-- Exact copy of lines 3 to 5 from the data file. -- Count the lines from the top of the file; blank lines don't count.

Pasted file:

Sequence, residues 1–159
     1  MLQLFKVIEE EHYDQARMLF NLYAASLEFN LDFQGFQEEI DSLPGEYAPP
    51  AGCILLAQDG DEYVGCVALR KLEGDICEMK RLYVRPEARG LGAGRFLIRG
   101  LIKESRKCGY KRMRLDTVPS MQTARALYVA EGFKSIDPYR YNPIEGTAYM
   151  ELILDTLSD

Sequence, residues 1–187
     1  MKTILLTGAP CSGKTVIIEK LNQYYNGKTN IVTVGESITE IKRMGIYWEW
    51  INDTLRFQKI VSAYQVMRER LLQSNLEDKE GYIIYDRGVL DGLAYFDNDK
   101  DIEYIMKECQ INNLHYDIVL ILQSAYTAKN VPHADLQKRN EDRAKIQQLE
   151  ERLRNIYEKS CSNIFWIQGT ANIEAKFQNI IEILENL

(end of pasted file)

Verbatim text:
    51  AGCILLAQDG DEYVGCVALR KLEGDICEMK RLYVRPEARG LGAGRFLIRG
   101  LIKESRKCGY KRMRLDTVPS MQTARALYVA EGFKSIDPYR YNPIEGTAYM
   151  ELILDTLSD